I’ve been working with a pretty awesome 22-year-old assistant the last few weeks on my newest show and I kind of constantly see myself a decade ago reflected in her. We got to talking about IRAs for a minute the other day and she sort of laughed at the notion of having one and all I could think about was how glad I was that I really buckled down on my finances from about 25 on.
I’d like to go back and convince 22 year old me to open an IRA three years earlier than I did, but even without being able to do that, I was sort of left pleasantly marveling at how a little sacrifice and good planning in my 20s has made my 30s pretty financially easy.
I finished my undergrad with no debt and my first grad degree with about $3,000 of debt that I paid off almost immediately. I lucked out that I had people in my life who convinced me to think about retirement, so I opened an IRA at 25. At first, not much seemed to be happening with it – but even now, when it doesn’t hold that much, it still grows by $1,000-1,500 a year without me doing anything extra than contributing the $5,500 year. That’s kind of a lot of extra money it makes me and I see it in a real way now, a way that encourages me to keep saving.
When I went back for my second graduate degree, I wound up around $30,000 in debt and learned a lot about frugality and living below my means to get rid of that debt in 2.5 years on a salary that was pretty much the same amount. The most important thing I learned from that situation though was that debt owns you. When you owe other people money, you have to do what has to be done, whether it makes you happy or not. That includes being trapped in jobs you hate.
After finishing up paying off that debt, I prioritized building up an emergency fund so I’d never get trapped by debt again. I aimed for $1,000 goal first and funneled money toward it like there was no tomorrow. Once I hit that, I prioritized getting to $5,000 within a year and set up a plan to do that. I failed the first time, it actually took me 2 years to get there. My final goal for the account was to have $10,000 in it, so I set a goal of contributing at least $100 a month until I got there, which I finally did this year. Now I have a solid cushion and I’ve freed up those old contributions.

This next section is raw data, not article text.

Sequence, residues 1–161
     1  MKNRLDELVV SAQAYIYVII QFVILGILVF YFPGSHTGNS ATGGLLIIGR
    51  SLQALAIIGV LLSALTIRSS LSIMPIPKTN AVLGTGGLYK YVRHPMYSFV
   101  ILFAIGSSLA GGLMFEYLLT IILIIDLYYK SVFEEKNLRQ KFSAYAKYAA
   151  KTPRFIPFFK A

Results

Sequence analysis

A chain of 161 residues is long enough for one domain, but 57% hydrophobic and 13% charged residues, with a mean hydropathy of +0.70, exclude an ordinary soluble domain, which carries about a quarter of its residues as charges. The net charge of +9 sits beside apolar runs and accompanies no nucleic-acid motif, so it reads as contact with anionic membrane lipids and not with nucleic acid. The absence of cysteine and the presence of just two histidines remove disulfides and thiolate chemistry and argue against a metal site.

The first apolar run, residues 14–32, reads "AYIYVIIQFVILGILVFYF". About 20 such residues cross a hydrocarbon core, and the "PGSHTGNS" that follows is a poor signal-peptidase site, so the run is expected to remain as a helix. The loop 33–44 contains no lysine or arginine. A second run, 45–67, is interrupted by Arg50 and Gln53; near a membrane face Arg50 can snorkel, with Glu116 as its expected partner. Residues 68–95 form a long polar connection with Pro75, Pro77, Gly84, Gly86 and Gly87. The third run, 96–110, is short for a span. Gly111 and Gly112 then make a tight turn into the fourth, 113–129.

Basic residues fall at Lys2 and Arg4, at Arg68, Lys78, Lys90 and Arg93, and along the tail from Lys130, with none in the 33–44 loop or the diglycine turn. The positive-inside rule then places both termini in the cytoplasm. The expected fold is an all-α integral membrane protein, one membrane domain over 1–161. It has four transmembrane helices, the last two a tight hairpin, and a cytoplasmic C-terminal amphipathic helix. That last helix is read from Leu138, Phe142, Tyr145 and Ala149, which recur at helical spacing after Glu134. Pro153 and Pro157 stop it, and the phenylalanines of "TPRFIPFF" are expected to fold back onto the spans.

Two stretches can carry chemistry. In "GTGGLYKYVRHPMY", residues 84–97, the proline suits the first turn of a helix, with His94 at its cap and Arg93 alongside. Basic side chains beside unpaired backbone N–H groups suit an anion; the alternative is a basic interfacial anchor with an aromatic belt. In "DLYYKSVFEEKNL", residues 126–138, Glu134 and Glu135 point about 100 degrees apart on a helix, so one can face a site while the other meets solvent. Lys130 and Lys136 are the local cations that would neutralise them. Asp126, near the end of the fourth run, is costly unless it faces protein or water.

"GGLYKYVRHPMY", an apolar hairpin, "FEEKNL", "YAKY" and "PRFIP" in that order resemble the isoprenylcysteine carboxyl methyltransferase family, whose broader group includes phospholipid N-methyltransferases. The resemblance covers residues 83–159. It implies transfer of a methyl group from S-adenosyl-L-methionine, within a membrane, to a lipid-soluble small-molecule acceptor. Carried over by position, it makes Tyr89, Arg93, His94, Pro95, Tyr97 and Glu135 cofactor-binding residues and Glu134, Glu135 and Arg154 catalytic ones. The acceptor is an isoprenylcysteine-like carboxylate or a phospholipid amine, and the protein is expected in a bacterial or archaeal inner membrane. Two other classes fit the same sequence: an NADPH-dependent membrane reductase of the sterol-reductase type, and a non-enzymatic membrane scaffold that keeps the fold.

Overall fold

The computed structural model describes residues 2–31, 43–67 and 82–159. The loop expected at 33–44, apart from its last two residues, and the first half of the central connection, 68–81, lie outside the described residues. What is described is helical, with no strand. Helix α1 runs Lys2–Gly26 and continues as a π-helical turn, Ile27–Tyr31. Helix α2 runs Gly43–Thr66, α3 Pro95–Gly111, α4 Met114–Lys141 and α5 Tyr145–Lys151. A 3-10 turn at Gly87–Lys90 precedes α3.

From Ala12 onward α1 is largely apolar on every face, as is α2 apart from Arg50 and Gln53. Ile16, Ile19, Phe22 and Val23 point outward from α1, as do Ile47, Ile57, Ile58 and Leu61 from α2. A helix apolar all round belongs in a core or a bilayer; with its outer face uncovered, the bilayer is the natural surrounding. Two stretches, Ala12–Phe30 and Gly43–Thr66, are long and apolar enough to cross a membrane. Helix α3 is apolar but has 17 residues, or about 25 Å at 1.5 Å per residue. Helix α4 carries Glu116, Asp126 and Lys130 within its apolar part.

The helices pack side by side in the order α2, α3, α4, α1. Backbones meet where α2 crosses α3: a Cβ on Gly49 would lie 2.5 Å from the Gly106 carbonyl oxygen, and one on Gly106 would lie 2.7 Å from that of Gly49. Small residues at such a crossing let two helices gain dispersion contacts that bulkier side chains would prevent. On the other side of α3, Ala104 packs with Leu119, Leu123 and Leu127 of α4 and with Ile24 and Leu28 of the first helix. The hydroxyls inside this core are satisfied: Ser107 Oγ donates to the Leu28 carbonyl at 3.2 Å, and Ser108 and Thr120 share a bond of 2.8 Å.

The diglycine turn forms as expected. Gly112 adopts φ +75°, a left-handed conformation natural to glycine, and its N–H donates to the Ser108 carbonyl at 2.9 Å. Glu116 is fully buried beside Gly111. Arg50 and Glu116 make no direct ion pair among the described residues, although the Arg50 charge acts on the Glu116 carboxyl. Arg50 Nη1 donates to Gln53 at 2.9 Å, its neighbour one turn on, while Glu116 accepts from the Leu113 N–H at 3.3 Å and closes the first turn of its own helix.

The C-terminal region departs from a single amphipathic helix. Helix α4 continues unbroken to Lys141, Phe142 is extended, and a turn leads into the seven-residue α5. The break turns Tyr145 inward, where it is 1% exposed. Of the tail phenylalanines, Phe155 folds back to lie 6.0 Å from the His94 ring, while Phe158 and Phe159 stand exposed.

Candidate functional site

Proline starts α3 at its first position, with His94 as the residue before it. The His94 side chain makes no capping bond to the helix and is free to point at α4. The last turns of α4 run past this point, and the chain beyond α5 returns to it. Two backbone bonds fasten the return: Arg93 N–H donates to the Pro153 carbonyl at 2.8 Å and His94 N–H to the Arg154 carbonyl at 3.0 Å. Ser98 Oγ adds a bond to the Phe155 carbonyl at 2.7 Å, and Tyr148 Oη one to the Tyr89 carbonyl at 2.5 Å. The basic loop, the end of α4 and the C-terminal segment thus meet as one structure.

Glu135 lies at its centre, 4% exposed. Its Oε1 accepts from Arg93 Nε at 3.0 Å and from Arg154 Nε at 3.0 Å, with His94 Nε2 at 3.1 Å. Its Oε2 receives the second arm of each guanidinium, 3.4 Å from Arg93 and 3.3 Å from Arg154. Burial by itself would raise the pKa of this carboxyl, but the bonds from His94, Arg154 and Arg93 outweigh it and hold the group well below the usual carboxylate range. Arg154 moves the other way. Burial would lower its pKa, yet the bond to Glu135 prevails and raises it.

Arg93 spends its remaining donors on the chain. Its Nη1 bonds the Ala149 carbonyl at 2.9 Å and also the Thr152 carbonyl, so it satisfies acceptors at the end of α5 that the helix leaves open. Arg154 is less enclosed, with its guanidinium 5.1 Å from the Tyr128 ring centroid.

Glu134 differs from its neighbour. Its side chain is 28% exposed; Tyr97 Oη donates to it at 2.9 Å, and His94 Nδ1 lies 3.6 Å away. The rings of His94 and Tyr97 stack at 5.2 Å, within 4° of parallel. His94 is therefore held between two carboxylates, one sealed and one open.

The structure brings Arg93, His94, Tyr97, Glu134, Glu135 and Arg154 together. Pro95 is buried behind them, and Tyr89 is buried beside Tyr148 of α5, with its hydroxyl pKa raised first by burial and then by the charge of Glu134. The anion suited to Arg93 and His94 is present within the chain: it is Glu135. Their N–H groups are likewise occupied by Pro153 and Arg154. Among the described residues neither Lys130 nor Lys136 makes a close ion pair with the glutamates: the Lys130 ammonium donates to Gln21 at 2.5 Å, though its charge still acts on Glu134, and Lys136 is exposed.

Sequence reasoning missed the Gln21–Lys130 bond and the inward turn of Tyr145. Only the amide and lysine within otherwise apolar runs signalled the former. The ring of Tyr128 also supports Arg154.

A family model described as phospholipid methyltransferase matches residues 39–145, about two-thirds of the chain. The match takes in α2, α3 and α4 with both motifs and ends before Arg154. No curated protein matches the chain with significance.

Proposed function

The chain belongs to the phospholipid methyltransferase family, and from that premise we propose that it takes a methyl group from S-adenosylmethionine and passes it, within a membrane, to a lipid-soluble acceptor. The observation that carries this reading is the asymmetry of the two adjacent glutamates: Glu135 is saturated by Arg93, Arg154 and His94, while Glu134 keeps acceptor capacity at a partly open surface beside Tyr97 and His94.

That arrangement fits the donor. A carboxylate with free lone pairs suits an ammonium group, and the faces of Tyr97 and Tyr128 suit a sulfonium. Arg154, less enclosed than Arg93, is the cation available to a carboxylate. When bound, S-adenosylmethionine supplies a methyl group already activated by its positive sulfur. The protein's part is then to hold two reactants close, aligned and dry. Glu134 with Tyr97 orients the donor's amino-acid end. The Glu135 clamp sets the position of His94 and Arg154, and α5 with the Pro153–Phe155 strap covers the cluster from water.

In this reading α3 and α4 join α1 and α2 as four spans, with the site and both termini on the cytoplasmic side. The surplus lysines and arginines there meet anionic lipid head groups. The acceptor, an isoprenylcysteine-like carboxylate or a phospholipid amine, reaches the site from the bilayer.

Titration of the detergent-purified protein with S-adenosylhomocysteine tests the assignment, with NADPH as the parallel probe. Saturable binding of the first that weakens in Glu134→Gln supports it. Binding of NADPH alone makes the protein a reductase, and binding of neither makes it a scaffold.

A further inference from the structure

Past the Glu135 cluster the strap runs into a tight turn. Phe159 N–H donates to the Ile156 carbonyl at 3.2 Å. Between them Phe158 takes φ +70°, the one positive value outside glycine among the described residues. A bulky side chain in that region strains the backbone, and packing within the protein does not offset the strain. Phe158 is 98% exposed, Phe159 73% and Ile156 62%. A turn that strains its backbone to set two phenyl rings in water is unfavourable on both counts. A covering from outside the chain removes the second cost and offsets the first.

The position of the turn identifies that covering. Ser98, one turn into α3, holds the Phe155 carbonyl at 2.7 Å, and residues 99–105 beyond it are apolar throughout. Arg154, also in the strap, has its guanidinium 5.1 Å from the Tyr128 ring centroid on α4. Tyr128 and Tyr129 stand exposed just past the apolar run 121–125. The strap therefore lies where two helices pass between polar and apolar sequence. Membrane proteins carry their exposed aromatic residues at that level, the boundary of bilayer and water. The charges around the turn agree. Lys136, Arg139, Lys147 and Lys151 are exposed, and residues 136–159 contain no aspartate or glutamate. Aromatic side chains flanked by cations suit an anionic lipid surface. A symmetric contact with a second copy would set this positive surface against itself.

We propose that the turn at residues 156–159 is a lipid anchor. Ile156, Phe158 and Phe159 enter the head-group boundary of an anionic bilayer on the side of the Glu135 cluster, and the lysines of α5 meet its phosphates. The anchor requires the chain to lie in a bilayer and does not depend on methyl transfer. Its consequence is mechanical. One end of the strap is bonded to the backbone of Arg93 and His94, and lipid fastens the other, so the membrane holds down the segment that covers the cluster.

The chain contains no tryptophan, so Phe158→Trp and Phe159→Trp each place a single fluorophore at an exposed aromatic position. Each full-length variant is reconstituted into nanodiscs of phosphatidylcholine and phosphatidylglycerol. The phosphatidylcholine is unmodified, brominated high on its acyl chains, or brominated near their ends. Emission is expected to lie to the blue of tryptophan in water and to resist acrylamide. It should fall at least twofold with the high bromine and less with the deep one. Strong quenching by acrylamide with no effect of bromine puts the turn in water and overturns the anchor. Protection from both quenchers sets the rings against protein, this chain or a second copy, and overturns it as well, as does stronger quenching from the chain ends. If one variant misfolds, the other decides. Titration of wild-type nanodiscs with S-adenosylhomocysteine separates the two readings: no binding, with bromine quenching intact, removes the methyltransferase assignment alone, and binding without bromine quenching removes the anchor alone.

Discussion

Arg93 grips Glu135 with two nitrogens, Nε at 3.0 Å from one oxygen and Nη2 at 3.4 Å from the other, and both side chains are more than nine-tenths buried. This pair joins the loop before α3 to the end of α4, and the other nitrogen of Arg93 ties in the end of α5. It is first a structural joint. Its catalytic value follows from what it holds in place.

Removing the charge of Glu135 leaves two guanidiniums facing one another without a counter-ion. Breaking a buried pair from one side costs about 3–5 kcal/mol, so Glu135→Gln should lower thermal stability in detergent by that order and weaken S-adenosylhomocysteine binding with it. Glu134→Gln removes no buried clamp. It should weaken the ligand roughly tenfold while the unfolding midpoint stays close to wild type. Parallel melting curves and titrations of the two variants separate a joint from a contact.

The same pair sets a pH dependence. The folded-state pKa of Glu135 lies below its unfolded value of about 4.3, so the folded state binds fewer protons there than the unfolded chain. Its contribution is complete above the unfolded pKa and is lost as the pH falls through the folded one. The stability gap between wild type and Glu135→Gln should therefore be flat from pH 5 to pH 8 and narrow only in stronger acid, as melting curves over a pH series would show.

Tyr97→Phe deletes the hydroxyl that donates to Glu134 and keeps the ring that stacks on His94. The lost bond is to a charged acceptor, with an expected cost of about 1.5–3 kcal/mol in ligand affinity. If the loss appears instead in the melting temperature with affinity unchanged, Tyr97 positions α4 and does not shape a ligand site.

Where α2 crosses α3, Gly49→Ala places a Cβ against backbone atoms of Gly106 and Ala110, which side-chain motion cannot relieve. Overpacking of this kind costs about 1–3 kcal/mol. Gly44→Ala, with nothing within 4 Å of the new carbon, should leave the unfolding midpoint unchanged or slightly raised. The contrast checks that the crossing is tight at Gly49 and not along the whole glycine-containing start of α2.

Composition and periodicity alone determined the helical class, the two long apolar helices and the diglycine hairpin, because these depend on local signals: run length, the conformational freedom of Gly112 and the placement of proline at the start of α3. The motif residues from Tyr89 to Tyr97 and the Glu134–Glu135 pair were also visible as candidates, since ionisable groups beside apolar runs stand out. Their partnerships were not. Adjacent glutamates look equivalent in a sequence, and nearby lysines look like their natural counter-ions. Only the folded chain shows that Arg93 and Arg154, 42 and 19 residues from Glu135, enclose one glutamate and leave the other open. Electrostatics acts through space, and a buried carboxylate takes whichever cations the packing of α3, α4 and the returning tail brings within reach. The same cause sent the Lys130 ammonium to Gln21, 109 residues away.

So I’ve begun to invest more. I also have savings amounts set for mid-term goals like buying a new car when mine dies (hopefully in 5-7 years) and for a down payment on a house. These mid-term goals provide even more financial cushion if anything horrible happened like losing my job and I’ve definitely noticed a pretty big leap in my net worth since I’ve been able to funnel more towards investing.
It’s so strange to me to think of the massive gains this has all brought into my life over the last decade just by making a few smart choices along the way. The absolute biggest gain is the safety. I generally just don’t worry about money, which is so crazy because I remember worrying myself nearly sick a few times in my twenties.
Two weeks ago we had a few days off in Georgia and I made several impulse buys, ate at a bunch of restaurants and drank a lot – and the cost of all of that didn’t bother me at all. As a matter of fact, it still never even touched my regular job income. I was able to float all of those additional costs out of my side hustle income.
I’m not writing this to brag or anything, only to point out that I’m as average as they come and I work in a low income industry. You can achieve all these things even if it means starting out small and then sticking to it for a decade. As far away as 32 seemed at 22, I’m sure 42 is right around the corner and I’m trying to set up 42 year old Mel for easy street. That’s worth a little extra careful planning.